Tuesday, November 9, 2010

American Art(world) Controversy?

Just the other day I was speaking with a few folks about Jasper Johns (and the fact that GC's own Jacobs Gallery has one of his works on view).  Someone in the group made a comment about Johns's role in American art history, and the topic of his being intimately associated with Robert Rauschenberg came up. I knew of this "hidden" history from courses I had taken in graduate school as well as readings I had been assigned about these two artists. 

Robert Rauschenberg, 7 Characters Truth, 1982
Then, while checking out the College Art Association's online newsletter for blog ideas, I came across several interesting articles.  One concerns graffiti art (Link), and another a truly underground exhibition (Link); a third concerns graduate teaching assistants at one major university being allowed--or not--to unionize (Link), but the article that really caught my attention concerns a new installation at the Smithsonian's National Portrait Gallery.  The show purports to decode several well-known American artists' works in order to bring homosexuality in art history to light (Link).  I thought to myself, "What?  No one's ever done that before?"  Apparently, the subject has been too controversial for most museums and curators in the U.S. to undertake.

On a familiar note, in the national news over the weekend, I heard the story of a mother who had blogged about backlash following her 5-year old's fulfilled request to dress up as the Scooby Doo character Daphne for Halloween (Link).  A picture of the child in costume was included in the broadcast, along with various commentaries and interpretations about this rather minor occurrence in American life.  (I wonder if dressing up as Velma would have caused as much of a stir.?.)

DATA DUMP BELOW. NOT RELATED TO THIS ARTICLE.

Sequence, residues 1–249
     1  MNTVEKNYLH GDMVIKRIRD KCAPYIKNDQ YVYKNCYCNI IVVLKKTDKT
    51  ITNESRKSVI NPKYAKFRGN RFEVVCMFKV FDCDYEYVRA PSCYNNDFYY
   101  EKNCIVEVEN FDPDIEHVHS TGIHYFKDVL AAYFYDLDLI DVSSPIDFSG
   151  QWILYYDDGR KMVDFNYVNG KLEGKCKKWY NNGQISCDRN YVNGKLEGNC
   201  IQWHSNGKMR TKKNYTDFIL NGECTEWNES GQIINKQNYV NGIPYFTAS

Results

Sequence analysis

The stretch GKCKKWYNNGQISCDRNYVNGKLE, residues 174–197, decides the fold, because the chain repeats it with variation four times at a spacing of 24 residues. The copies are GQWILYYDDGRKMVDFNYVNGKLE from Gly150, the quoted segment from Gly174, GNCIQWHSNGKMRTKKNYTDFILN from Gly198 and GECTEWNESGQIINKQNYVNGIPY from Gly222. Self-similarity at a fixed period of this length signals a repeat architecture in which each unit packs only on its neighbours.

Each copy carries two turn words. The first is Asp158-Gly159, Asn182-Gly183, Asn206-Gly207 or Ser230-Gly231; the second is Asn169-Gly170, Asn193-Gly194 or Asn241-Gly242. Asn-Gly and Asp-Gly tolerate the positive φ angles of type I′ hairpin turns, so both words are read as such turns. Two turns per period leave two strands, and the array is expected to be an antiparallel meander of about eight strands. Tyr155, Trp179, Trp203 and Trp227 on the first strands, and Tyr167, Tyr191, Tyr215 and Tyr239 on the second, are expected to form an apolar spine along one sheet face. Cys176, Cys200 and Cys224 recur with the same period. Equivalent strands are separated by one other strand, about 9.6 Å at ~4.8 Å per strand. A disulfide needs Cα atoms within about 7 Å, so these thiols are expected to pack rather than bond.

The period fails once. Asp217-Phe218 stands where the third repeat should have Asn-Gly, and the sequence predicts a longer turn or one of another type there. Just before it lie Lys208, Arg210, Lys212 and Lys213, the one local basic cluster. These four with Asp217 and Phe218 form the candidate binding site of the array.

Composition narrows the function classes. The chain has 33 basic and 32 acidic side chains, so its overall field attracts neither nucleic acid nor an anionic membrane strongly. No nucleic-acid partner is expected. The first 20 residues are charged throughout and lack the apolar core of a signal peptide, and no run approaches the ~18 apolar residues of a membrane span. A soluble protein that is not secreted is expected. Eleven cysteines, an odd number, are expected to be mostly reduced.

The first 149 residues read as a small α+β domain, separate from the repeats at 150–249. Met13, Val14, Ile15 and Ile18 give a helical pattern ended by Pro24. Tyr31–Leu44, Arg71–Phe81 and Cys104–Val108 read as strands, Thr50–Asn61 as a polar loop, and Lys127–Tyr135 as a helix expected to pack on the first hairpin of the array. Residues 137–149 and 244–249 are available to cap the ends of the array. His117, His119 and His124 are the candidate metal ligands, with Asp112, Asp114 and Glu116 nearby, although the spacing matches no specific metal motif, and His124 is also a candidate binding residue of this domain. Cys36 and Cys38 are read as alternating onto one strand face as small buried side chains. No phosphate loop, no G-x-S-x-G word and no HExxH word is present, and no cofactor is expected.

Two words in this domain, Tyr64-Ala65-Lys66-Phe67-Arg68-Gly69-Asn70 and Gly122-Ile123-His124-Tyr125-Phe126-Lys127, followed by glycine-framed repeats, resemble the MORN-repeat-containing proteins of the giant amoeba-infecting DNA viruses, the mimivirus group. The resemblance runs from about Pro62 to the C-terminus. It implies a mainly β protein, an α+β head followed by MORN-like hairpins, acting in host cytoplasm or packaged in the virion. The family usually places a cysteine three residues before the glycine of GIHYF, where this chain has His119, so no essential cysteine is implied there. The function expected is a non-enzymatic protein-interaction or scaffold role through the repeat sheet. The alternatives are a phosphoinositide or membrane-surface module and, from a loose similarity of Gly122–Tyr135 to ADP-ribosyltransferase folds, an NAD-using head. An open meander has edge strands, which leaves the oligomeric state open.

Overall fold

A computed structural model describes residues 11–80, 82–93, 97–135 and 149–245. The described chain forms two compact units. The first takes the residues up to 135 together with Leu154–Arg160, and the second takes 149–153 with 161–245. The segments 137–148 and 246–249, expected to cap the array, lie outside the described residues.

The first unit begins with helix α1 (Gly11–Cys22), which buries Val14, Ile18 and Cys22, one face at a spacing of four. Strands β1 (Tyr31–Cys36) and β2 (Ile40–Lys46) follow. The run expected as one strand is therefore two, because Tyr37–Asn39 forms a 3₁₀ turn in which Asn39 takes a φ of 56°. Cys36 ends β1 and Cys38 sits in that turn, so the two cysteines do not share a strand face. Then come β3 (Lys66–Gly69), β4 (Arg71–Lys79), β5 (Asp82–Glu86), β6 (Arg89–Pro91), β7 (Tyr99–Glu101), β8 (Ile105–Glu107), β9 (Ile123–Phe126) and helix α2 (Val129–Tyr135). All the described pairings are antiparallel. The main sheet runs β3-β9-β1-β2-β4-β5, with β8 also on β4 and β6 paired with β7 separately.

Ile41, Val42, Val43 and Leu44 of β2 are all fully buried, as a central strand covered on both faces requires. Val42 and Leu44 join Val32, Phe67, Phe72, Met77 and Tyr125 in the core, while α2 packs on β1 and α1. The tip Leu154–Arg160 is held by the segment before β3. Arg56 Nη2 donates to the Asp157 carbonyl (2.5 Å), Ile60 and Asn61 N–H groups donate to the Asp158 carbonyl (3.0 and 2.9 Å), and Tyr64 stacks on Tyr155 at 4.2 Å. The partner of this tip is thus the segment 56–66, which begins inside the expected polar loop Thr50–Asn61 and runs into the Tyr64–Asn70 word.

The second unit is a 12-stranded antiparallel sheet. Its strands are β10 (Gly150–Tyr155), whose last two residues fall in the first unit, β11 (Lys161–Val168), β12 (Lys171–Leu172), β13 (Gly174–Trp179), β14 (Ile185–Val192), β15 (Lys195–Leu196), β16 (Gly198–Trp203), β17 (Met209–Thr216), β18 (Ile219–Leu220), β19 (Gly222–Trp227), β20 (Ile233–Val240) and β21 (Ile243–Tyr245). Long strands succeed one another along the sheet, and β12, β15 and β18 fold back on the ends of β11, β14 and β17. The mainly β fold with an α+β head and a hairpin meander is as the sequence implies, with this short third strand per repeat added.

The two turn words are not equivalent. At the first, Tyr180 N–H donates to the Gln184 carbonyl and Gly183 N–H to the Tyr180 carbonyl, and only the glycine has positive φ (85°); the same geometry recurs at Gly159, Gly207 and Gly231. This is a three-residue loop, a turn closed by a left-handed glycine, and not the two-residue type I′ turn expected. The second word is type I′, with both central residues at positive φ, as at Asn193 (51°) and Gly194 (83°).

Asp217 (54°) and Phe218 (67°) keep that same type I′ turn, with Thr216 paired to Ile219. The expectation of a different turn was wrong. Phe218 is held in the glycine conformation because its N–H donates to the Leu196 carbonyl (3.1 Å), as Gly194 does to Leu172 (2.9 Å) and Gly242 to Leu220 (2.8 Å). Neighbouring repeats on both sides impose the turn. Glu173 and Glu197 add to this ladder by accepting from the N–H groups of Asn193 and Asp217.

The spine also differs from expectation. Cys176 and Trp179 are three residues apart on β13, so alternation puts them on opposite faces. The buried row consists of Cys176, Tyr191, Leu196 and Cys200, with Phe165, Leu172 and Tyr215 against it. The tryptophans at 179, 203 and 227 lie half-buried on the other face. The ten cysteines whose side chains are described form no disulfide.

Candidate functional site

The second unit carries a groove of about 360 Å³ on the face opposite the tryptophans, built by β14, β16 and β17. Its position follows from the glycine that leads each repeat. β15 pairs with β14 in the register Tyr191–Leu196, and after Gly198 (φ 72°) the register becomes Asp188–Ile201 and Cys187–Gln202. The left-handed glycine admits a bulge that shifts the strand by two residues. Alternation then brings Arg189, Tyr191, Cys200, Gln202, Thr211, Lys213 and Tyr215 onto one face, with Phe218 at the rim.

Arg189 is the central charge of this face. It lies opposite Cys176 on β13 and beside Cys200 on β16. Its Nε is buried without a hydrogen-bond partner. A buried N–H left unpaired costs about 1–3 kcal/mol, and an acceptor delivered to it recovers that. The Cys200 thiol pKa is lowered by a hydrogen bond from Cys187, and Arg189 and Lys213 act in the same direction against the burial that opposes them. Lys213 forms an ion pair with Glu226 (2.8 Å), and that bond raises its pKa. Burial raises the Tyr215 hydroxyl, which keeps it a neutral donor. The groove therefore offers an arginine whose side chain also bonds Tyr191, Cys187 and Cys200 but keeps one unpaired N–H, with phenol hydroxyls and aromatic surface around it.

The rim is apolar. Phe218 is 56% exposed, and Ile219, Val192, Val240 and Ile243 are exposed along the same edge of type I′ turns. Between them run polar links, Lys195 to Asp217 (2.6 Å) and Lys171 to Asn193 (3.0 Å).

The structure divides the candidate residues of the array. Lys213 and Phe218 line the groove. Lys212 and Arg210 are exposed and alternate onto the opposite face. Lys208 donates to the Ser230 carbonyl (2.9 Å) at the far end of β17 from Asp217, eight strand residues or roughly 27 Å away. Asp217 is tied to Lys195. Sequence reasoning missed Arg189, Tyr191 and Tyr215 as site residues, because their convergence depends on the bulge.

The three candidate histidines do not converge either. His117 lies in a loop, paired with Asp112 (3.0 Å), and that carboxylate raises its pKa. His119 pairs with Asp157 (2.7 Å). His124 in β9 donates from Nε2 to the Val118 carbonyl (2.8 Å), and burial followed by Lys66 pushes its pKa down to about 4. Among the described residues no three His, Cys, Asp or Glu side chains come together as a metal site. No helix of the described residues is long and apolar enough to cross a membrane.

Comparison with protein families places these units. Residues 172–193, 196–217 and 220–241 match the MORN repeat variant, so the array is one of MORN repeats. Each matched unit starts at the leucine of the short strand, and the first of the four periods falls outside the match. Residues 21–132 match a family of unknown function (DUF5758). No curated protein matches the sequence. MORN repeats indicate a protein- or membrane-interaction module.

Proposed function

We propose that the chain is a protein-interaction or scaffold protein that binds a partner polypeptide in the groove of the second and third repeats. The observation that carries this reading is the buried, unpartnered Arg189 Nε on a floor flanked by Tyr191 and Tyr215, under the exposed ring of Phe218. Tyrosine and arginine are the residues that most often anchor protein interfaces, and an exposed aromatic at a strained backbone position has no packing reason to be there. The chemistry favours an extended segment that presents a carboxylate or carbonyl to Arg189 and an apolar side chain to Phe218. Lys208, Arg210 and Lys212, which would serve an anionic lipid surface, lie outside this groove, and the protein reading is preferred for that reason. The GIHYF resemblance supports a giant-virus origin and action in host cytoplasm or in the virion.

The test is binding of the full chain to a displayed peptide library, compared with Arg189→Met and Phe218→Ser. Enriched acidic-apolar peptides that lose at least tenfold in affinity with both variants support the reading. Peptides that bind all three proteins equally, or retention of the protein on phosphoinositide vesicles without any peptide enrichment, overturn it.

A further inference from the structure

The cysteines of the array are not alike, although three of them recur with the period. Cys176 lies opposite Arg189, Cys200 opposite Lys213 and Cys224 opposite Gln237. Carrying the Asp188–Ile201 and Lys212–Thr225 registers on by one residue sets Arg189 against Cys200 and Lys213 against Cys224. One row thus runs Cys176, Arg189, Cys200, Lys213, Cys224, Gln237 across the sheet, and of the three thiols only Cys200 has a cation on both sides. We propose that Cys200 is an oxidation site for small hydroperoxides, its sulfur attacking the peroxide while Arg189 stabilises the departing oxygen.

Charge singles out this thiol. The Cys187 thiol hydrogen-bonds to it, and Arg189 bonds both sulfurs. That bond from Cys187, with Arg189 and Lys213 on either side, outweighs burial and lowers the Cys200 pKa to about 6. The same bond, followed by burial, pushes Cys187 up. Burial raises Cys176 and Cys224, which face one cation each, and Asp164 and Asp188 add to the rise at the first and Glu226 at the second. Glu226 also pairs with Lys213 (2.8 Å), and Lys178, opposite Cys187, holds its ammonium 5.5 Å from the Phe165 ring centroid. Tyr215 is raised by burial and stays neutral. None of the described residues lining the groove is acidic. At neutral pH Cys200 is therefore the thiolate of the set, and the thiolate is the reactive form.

And yet, while trying to decide what to write for today, I debated with myself  for a few moments about whether it would be wise to blog about the subject of homosexuality and art history here.  Is it too controversial?  GC::VA readers, care to comment?

1 comment:

Mexifem said...

The National Portrait Gallery show looks like an amazing exhibit. Unfortunately, I didn't get a chance to see it while I was in DC, but I think it's an important theme to explore. Desire and sexuality have always been a part of artmaking and contemporary responses to sexuality by artists such as David Wojnarowicz, Robert Mapplethorpe, Andy Warhol, and Catherine Opie have helped to express and shape the way we think about sexuality and desire today. Kudos to David Ward and Jonathan Katz for putting the show together.

On a side note, I read a few articles just yesterday about a small cache of surviving sculptures that were believed to have been destroyed by the Nazis. The works are going on display in Berlin, but were originally taken and hidden by the Nazis for displaying, among other things, what they believed to be "deviant sexualities"- a powerful reminder of the dangers of extreme intolerance and fear of the power of art itself.